LOS ANGELES American Express (AXP) is raising its bet that there's money to be made by providing cheaper financial products to consumers who are shut out of the mainstream banking system.
The New York company introduced its Bluebird prepaid card two years ago, and won praise for reducing the price of what's often been a high-cost product. Now Amex, a brand long associated with affluence, is taking a series of steps to further alter its image.
In the highest-profile move, American Express commissioned the production of a short documentary about the lives of the unbanked. The executive producer of the movie, titled Spent: Looking for Change, was celebrated documentary maker Davis Guggenheim.
In a speech here Thursday, Dan Schulman, group president of enterprise growth at American Express, said the film has already been viewed more than one million times since it was posted online Wednesday night. The heart-tugging documentary shows the travails of low-income Americans falling further behind as they try to get ahead.
"If you spend 38 minutes watching this documentary, my insight is that a quarter of you will have tears in your eyes after watching it," Schulman told an audience at "Emerge: The Forum on Consumer Financial Services Innovation," an industry conference held by American Banker and the Center for Financial Services Innovation. "It's a heavy documentary. This is a very heavy problem that we're trying to address."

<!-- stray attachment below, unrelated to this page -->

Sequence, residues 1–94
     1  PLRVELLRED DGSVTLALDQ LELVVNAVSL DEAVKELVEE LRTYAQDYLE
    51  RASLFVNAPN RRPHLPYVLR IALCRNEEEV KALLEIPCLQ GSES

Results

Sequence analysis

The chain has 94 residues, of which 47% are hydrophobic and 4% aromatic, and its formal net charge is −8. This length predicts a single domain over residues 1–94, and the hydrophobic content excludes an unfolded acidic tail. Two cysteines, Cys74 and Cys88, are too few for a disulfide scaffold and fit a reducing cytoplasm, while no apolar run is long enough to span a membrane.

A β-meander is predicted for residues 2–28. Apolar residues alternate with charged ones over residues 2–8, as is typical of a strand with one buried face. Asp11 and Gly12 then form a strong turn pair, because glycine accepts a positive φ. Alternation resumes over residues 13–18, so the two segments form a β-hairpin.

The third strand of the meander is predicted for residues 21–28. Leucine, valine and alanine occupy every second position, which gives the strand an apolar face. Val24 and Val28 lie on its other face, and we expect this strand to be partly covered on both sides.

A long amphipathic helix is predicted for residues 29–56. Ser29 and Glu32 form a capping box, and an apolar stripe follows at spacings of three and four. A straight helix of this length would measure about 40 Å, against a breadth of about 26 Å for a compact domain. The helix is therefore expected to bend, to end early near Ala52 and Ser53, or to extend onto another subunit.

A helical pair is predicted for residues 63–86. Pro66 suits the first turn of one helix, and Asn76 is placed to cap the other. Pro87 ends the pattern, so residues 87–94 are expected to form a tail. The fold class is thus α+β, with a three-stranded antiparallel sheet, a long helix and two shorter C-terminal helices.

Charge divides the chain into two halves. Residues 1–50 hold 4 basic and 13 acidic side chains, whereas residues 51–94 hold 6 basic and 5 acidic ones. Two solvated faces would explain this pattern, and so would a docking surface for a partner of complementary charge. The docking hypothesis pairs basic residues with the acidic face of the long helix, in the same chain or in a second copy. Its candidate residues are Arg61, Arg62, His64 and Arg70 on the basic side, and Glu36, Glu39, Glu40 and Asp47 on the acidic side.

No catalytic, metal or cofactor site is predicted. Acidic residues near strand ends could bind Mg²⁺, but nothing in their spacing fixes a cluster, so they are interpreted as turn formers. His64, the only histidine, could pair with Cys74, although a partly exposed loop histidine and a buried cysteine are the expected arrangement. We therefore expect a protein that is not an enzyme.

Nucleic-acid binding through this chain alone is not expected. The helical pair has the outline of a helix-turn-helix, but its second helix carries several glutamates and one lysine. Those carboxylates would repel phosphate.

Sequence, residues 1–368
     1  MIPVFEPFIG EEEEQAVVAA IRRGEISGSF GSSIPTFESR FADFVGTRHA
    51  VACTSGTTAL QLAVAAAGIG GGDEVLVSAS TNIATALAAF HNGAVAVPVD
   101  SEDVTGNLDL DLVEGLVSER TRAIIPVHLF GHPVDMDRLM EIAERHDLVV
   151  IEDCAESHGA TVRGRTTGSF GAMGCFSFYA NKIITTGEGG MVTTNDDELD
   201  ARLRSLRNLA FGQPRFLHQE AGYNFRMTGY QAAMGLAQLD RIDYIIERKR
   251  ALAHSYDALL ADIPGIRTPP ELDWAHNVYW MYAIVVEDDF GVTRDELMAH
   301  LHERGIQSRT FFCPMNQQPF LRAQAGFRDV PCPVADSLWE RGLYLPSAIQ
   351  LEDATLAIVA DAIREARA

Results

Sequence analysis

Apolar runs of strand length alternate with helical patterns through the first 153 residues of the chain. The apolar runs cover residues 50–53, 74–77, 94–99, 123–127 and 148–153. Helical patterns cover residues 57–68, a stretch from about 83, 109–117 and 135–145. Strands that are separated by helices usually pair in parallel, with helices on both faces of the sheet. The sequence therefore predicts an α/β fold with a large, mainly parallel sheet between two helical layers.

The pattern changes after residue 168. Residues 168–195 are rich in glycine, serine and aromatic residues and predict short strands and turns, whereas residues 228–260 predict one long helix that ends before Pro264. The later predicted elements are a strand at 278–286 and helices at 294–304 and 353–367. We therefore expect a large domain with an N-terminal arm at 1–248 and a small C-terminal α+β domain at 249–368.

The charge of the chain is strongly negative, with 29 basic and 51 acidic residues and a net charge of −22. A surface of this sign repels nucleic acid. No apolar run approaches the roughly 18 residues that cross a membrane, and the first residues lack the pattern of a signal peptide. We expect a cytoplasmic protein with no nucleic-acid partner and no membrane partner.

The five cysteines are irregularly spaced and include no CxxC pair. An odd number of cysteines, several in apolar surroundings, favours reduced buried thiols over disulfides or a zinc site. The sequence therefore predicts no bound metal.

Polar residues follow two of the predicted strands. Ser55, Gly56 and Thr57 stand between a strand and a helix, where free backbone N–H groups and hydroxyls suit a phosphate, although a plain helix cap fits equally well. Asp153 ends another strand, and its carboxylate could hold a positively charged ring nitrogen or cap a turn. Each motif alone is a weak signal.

Schulman argued that financial service firms have a "moral obligation" to rebuild their products so that poor people can build savings rather than fall further into debt.
"Our goal should be to take half ... of these unnecessary fees and figure out a way to send those back to families," Schulman said.
His 30-minute speech did not touch on how American Express plans to earn a profit from its products for low-income consumers. Prepaid industry competitor Green Dot (GDOT) has raised questions about the sustainability of Amex's pricing model.
But in a question-and-answer session, Schulman said: "You obviously have to make money."
"You want this to be an ongoing thing," he added, "not just a one-time thing because you're feeling philanthropic."
Schulman is a former chief executive officer at Virgin Mobile USA, and he made clear that Amex is trying to disrupt not only check cashers and high-cost prepaid cards, but also traditional banks.
American Express' prepaid cards are built on its Serve software platform, and Schulman said that the incremental cost of adding new customers to a scaled software platform is negligible. "Software platforms, I think, are the future of most of our companies," he said.
The new documentary, of course, serves as a stealthy form of marketing for Amex's prepaid cards.
In another example of nontraditional advertising, the company is encouraging the public to write their members of Congress to pass the American Savings Promotion Act. That bill would make it easier for banks to award prizes to their customers as a way incentivize saving.
Amex also announced Thursday that it is adding personal financial management tools, which will categorize spending and allow consumers to establish budgets, to its Bluebird and Serve prepaid cards.